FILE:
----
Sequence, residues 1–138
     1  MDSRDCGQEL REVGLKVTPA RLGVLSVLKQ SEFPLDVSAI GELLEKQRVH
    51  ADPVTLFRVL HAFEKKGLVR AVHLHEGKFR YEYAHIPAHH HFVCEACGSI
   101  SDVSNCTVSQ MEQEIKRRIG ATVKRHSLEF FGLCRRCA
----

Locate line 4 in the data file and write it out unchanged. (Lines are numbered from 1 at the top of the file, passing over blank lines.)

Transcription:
   101  SDVSNCTVSQ MEQEIKRRIG ATVKRHSLEF FGLCRRCA